The lack of a plan for the holding of elections and
agitation among the university students demanding more
resources gave rise to further social unrest. The president
responded again by closing the university, canceling
elections and banning political meetings. The opposition
called for a general strike that paralyzed Port Gentil, the
center of the oil industry. Bongo was intimidated by the
scale of the protests, reopened the university and lifted
the ban on demonstrations.
In foreign policy, Gabon played a role as a mediator in
regional conflicts - ia. the border dispute between Libya
and Chad. Still, some of the government's actions triggered
diplomatic rubbish. In October 1992, Gabon declared, among
other things, that it would expel 10,000 Nigerians who
stayed in the country "in an irregular way". See abbreviationfinder for geography, history, society, politics, and economy of Gabon.
In December 1993, presidential elections, which Bongo
once again won, were held despite criticism from the
opposition of irregularities. In February, new riots
erupted, costing 30 people. From September to December 1994
negotiations were held in Paris, leading to the formation of
a unifying government until the holding of free elections.
In a July 1995 referendum, the president got 96% of the
vote for a constitutional reform that would govern the
conduct of presidential and parliamentary elections. In the
election to the National Assembly in December 1996, Bongo's
party got PDG 47 out of the 55 seats. In contrast, the
opposition leader, Paul Mba-Abessole, won the municipal
election and became mayor of the capital Libreville.
Due. oil export revenues are the country's annual average
revenue per year. $ 3,490. Still, the poverty indicators are
alarming. In 1997, the average lifespan was only 55 years,
37% of the population was illiterate and the child mortality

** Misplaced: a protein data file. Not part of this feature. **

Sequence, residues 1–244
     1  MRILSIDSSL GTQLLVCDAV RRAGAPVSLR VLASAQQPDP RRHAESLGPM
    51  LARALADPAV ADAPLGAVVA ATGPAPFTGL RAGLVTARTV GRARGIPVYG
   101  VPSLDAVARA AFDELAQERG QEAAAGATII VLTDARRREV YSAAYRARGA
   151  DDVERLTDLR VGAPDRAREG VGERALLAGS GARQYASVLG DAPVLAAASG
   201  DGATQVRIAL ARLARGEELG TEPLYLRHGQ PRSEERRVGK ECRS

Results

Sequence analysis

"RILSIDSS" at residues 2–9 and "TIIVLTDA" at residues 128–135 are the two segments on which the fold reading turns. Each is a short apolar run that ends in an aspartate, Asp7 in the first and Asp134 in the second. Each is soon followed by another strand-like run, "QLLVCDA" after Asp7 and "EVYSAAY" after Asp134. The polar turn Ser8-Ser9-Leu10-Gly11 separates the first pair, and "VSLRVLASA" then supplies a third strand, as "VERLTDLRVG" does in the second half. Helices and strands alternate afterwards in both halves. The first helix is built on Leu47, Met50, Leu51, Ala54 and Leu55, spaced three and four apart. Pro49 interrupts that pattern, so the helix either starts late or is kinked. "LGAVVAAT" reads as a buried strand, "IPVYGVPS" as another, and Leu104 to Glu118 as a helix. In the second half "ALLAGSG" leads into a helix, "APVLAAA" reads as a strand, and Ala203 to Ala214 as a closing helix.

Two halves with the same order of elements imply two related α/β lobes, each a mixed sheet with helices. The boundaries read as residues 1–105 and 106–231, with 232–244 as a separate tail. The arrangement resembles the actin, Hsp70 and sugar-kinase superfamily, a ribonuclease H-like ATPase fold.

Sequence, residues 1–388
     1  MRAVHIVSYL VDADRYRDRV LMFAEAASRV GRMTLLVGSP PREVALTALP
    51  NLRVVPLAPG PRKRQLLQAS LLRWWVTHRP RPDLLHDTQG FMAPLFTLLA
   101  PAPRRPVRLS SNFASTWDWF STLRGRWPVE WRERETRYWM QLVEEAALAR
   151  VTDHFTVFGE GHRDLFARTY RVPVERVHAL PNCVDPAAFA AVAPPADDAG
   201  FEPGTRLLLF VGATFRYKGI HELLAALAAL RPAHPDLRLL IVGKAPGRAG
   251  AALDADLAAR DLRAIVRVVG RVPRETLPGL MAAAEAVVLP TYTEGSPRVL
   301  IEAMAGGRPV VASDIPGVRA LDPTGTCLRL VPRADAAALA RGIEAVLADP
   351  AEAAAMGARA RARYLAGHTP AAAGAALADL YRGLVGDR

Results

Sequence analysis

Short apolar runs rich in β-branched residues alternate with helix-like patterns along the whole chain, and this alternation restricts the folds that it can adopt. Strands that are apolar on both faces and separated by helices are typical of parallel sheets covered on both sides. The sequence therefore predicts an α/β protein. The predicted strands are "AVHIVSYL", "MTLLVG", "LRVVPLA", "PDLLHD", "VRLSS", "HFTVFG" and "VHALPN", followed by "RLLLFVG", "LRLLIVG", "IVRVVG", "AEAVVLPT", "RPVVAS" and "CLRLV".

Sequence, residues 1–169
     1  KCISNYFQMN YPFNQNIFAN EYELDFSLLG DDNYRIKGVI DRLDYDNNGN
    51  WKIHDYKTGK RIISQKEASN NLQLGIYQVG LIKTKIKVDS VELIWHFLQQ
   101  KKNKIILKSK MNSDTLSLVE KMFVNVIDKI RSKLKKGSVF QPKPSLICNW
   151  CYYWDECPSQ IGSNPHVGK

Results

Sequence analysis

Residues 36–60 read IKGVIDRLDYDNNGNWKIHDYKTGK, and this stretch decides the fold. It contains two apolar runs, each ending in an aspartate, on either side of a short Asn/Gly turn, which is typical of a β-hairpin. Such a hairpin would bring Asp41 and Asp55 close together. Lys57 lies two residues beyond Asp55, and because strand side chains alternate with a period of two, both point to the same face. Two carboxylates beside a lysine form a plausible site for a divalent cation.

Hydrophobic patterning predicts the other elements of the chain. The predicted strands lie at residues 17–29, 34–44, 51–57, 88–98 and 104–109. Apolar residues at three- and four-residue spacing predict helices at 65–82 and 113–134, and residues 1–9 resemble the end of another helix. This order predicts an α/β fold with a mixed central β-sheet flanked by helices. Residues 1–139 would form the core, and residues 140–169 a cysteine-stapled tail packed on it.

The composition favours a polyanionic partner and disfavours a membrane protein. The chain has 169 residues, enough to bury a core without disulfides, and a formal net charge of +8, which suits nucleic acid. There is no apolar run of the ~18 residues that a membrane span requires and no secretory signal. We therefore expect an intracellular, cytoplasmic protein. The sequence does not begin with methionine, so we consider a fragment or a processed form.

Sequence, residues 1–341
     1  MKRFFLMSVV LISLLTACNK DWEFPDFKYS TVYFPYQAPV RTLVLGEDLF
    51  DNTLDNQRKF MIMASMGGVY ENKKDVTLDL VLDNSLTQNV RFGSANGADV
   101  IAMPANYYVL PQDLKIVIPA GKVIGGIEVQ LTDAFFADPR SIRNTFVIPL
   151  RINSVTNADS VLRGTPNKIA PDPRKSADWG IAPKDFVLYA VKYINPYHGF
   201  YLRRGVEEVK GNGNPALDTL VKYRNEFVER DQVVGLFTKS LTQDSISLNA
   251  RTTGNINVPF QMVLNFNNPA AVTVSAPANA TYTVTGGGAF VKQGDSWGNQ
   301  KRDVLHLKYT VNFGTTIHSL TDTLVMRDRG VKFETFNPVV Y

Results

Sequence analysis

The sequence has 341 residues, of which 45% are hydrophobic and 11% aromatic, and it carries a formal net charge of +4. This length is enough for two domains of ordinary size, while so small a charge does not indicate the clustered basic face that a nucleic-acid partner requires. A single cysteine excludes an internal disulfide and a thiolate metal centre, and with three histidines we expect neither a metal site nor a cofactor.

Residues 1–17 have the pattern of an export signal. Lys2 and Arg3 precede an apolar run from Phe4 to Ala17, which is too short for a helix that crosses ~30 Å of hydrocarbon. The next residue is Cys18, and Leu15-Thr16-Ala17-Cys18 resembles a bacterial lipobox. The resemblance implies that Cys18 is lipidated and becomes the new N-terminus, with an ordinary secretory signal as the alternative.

rate was 87 ‰.
In early 1998, the capital's mayor, Mba-Abessole, asked
the UN to oversee the planned presidential election that
year to "prevent the unlawful re-election of Omar Bongo." As
expected, the president won over Mba-Abessole and his ally
The president appointed Jean-François Ntoutoume Emane to
the post of prime minister from January 1999. But at the
same time fierce protests were taking place in the country,
causing the government to shut down the schools and the
University of Libreville.
The authorities asked for humanitarian aid from the UN
because of the constant flow of refugees into the country.
In October 1999, the UN estimated that there were 10,000
refugees in the country.
In July 2000, a cargo ship from Greece and one from
France collided in Gabon's territorial waters, and 400
tonnes of oil ran into the sea. Bongo requested
international aid to cover the cost of the clean-up, which
amounted to DKK 1.5 million. US $.
Like other countries in Central and West Africa, Gabon is
involved in the trafficking of children who come mainly from
Nigeria. The children sold in Nigeria work on plantations,
in homes, in prostitution, or are sent out as street
sweepers. It is envisaged that Gabon and 3 neighboring
countries will sign an agreement on child trafficking in
2004, and after the conclusion of the agreement, the
children will be sent to their home countries.